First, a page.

art interventions.”
“In the long-term, Decolonizing Street Art is focused specifically on supporting a solidarity network of women-identified Indigenous street artists.”
“The organizing principles of Decolonizing Street Art include opposition to colonialism, capitalism, and all forms of oppression,
including but not limited to racism, patriarchy, heterosexism, ableism and transphobia. We organize on the basis of solidarity,
mutual aid and support, as anti-colonial street artists and supporters.” (from Decolonizing Street Art website)
As stated on the website, due to the fact that Decolonizing Street Art promotes autonomous street art (which is distinct from public art), it is financially supported by local allied individuals and organisations. It is not financed by government or corporate
institutions. As such, financial support for Deconlozing Street Art is an ongoing need, including expenses from last summer's events (which you can learn more about on the website). For more information on supporting, please visit http://decolonizingstreetart.com/
support/.
Thank you!
-farha najah h.
“The function of art is to do more than tell it like it is – it's to imagine what is possible” - bell
hooks
Aiako’nikonhraién:ta’ne’ : Mural collaboration by
Melanie Cervantes and Lindsay Katsitsakatste Delaronde
Page 3
Baby!
Welcome VIVIANE BENEDITA PINTO BIRD
Born healthy and strong on 19 February at 11:05 am at St.Luc's Hospital weighing 3.3 kg (7.3 lbs). She is absolutely perfect in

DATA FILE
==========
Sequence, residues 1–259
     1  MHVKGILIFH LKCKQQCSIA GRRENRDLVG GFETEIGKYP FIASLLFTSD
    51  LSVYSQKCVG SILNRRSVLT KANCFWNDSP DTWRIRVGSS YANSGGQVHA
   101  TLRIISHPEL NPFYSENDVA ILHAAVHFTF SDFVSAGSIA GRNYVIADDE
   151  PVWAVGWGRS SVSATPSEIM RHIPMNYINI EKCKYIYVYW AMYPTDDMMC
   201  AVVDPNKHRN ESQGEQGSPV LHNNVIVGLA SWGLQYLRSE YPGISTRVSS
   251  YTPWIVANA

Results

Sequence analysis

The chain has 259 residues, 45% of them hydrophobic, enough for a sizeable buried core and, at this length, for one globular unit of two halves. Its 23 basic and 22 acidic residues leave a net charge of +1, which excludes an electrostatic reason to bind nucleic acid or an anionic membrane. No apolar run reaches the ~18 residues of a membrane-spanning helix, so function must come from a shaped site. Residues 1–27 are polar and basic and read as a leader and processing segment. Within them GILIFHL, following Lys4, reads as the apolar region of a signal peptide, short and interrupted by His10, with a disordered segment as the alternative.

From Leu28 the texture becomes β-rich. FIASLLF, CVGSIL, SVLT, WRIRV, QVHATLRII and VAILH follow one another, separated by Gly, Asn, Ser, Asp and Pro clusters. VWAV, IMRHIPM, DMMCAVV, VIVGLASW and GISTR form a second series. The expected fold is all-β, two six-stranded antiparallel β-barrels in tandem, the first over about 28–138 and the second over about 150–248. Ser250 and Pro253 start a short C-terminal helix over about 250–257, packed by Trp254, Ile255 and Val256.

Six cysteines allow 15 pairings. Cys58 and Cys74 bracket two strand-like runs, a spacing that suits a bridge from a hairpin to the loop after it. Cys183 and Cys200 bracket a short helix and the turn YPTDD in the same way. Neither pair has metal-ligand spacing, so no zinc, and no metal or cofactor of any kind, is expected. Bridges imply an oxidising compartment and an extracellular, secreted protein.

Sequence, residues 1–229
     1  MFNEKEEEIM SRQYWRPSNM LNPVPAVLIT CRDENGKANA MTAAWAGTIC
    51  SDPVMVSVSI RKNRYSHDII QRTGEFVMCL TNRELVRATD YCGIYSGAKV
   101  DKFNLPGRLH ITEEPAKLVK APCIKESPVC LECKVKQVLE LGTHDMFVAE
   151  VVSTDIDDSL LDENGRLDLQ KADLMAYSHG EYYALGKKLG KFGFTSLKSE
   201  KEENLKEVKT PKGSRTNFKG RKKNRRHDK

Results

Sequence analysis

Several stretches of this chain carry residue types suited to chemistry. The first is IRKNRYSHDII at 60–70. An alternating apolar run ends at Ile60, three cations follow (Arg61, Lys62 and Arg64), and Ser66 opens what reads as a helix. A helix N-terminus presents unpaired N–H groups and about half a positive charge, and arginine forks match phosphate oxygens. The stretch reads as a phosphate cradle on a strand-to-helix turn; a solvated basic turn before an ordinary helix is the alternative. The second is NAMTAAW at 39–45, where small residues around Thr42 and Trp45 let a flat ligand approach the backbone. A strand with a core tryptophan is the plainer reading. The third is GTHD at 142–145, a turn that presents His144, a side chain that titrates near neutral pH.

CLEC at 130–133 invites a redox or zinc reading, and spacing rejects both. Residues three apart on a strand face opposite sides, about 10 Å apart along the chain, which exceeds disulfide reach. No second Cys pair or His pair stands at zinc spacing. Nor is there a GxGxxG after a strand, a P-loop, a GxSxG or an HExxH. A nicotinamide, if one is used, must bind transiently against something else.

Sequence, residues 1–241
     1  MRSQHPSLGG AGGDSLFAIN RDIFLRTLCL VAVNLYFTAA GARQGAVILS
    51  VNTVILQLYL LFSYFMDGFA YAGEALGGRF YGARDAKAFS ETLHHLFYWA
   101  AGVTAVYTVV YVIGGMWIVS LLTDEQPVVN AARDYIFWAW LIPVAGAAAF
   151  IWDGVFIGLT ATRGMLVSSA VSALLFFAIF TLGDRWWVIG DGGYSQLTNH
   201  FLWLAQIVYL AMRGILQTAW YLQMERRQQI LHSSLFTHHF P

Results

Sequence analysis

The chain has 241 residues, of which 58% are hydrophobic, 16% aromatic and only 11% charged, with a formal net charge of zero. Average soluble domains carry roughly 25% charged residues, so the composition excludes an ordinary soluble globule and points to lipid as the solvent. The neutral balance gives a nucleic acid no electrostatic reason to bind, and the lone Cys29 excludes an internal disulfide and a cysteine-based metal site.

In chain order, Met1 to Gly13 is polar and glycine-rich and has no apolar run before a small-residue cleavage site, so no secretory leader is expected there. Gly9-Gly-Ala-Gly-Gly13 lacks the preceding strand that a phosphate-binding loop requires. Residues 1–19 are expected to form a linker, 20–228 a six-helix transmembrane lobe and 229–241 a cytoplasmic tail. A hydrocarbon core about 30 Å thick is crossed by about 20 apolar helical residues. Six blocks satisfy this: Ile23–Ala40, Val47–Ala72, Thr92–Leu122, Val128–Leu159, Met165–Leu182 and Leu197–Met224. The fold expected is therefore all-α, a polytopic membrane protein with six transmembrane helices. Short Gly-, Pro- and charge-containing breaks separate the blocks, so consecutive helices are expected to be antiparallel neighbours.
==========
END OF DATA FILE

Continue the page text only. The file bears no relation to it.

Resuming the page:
every way.
Announcement sent with much love from parents Madeleine, Roberto and (baby sister) Celeste.
SAY/JSA UPDATE
Log on to Facebook and check out: Don’t Touch Me: An Anthology for more information on our new anthology project!
We also have a NEW group on Facebook, check us out! Search: South Asian Youth (SAY) Collective
*********************
South Asian Youth (SAY) Collective invites you to our first Young South Asian Women's Support Meet-up! The meeting will be
held on Friday March 4th, 2016 from 5:30—7:00pm at 2110 Mackay Ave.
This support space will be FREE and held for women ages 17-30 who identify as South Asian. Meet-ups will be 1.5 hours long at a
time that is accessible for as many people as possible. Snacks will be provided.
Our purpose is to create a space to share our story and experiences and offer each other peer support.
If you would like to attend our first support meet-up, please e-mail [email protected] by February 15th.